The great classical music swindle - and why we're better off now

By Tom Service [6 August 2014, The Guardian]
Some aperçus and soupçons based on those of Paul Morley, with whom I was talking recently for a film I’m making for BBC4 on Mozart. As well as Paul’s Mozartian epiphany - thanks to a darkened room and a Google-lottery of K numbers, but you’ll have to wait until the autumn for more on that - Morley suggested something that got me thinking: that today’s era of technological fluidity, flexibility, and almost-instant access to an entire world of musical possibility suits classical musical culture better, potentially, than it does rock and pop.
[More....]

Opera star breaks her leg - but completes the performance

[The Telegraph, 5 August 2014]

Opera star Christiane Karg took the old saying "the show must go on" to painful extremes recently when she completed a performance with a broken leg.

[More....]

Vittorio Grigolo and Angela Gheorghiu on why they love La bohème (The Royal Opera)

Maria Callas Remastered

Central City Opera’s 2014 Festival Trailer

Is Tamar Iveri’s career over?


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Gluck and Bertoni at Bampton

Bampton Classical Opera’s 2014 double bill neatly balanced drollery and gravity. Rectifying the apparent prevailing indifference to the 300th centenary of Christoph Willibald Gluck birth, Bampton offered a sharp, witty production of the composer’s Il Parnaso confuso, pairing this ‘festa teatrale’ with Ferdinando Bertoni’s more sombre Orfeo.  »

Purcell: A Retrospective

Harry Christophers and The Sixteen Choir and Orchestra launched the Wigmore Hall’s two-year series, ‘Purcell: A Retrospective’, in splendid style. Flexibility, buoyancy and transparency were the watchwords.  »

Mahler: Symphony no.3 — Prom 73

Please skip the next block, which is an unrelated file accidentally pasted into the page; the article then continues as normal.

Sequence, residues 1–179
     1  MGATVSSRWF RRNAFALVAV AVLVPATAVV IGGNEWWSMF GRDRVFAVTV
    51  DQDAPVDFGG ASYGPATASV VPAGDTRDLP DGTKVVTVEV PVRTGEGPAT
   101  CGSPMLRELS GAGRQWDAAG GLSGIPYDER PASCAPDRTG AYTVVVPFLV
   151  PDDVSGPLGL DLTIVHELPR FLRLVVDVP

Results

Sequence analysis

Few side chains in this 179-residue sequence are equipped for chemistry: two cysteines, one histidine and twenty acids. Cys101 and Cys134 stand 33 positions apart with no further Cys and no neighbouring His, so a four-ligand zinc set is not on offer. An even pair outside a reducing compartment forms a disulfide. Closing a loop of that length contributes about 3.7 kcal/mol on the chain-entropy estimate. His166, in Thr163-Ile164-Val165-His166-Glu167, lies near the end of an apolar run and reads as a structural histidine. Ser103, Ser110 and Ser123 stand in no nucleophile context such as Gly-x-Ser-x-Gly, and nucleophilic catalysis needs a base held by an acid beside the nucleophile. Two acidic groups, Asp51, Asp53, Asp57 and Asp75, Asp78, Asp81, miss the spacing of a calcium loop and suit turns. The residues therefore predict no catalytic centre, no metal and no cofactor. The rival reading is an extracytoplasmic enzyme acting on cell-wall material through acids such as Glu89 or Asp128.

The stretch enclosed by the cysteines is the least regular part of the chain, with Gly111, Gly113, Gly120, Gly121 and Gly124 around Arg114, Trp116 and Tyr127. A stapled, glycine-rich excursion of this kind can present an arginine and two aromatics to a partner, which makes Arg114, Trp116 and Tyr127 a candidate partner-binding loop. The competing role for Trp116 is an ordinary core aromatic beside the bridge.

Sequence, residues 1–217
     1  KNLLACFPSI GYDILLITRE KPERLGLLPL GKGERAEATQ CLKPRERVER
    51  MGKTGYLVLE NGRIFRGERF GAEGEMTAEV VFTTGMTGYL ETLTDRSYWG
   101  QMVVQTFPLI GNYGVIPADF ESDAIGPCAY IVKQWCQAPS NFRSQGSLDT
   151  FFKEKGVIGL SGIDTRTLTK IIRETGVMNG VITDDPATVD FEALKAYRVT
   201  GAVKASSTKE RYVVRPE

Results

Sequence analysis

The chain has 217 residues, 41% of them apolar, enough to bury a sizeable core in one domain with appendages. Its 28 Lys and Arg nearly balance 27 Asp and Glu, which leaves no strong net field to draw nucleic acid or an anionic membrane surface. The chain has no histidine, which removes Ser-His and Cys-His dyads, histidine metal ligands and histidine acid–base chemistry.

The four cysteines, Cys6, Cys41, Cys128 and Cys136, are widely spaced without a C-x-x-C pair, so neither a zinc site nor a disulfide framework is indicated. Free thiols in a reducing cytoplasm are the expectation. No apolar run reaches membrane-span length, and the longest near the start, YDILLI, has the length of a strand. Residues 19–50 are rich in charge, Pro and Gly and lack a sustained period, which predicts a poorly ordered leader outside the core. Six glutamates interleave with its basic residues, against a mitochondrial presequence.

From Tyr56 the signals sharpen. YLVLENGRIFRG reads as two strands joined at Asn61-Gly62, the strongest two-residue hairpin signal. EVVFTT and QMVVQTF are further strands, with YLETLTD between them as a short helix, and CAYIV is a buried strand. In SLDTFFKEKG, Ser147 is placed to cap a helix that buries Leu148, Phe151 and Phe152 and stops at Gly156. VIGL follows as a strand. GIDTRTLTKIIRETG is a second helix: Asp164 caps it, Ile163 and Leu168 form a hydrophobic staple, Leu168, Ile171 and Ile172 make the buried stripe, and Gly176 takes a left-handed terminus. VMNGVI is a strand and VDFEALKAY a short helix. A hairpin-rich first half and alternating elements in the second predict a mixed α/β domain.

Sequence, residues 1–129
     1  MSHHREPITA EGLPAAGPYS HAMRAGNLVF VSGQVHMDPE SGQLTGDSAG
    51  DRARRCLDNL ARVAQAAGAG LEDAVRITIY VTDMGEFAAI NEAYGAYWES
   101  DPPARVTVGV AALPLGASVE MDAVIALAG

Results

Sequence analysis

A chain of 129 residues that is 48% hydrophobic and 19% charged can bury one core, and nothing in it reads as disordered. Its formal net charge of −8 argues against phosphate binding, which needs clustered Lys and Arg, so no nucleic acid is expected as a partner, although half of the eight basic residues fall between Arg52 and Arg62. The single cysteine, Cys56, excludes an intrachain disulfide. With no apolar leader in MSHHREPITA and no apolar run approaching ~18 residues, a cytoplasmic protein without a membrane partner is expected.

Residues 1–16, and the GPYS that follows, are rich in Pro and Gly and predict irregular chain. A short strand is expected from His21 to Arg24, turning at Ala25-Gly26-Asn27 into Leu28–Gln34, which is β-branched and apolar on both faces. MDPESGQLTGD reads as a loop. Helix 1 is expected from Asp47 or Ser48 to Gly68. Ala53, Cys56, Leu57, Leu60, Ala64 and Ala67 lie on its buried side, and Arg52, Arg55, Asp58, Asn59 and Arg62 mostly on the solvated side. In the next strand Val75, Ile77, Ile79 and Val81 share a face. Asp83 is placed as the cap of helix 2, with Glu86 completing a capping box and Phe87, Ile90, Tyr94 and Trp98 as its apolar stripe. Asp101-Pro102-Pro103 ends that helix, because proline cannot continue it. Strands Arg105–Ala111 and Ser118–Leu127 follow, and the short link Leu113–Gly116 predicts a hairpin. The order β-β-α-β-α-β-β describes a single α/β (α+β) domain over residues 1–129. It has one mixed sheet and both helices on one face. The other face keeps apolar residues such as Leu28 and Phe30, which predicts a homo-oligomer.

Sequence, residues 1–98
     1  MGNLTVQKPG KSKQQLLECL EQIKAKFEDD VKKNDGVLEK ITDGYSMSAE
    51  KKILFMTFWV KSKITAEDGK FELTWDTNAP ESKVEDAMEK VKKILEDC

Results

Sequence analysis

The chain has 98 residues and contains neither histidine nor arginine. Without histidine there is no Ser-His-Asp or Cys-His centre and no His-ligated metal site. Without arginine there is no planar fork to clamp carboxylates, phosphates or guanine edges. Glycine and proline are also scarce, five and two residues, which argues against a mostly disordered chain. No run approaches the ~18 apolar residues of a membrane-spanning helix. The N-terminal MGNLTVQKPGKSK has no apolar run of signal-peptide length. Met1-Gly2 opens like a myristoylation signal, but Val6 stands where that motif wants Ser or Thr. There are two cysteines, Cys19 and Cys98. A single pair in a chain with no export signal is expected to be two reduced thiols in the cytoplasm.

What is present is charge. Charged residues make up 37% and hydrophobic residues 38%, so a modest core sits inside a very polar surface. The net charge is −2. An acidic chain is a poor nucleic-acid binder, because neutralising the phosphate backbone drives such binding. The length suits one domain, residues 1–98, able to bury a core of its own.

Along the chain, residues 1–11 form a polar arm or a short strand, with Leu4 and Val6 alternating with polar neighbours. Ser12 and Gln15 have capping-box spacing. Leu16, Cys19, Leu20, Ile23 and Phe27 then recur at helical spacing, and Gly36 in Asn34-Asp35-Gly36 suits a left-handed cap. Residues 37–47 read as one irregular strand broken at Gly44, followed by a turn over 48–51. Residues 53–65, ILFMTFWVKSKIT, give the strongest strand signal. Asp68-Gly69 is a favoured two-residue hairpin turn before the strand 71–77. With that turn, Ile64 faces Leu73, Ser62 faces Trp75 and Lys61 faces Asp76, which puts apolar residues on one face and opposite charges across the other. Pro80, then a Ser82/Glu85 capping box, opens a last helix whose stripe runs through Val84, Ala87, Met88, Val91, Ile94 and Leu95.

It would be unfair, but one could summarise this concert with the words, ‘Senator, you’re no Leonard Bernstein.’  »

Los Angeles Opera Opens with La traviata

On September 13, Los Angeles Opera opened its 2014-2015 season with a revival of Marta Domingo’s updated, Art Deco staging of Giuseppe Verdi’s La traviata. It starred Nino Machaidze as Violetta, Arturo Chácon-Cruz as Alfredo, and Plácido Domingo as Giorgio Germont. The conductor was Music Director James Conlon. »

Stars of Lyric Opera at Millennium Park, 2014

In its annual concert previewing the forthcoming season Lyric Opera of Chicago presented its “Stars of Lyric Opera at Millennium Park” during the past weekend to a large audience of enthusiastic listeners.  »

Susannah in San Francisco

Come to think of it the 1950‘s were operatically rich years in America compared to other decades in the recent past. Just now the San Francisco Opera laid bare an example, Carlisle Floyd’s Susannah»

Xerxes, ENO

Nicholas Hytner’s production of Handel’s Xerxes (Serse) at English National Opera (ENO) is nearly 30 years old, and is the oldest production in ENO’s stable.  »

San Diego Opera Opens 2014-2015 Season

On Friday evening September 5, 2014, tenor Stephen Costello and soprano Ailyn Pérez gave a recital to open the San Diego Opera season. After all the threats to close the company down, it was a great joy to great San Diego Opera in its new vibrant, if slightly slimmed down form.  »

Otello at ENO

English National Opera’s 2014-15 season kicked off with an ear-piercing orchestral thunderbolt. Brilliant lightning spears sliced through the thick black night, fitfully illuminating the Mediterranean garret-town square where an expectant crowd gather to welcome home their conquering hero.  »

Anna Nicole, back with a bang!

It is now three and a half years since Anna Nicole was unleashed on the world at the Royal Opera House, Covent Garden. »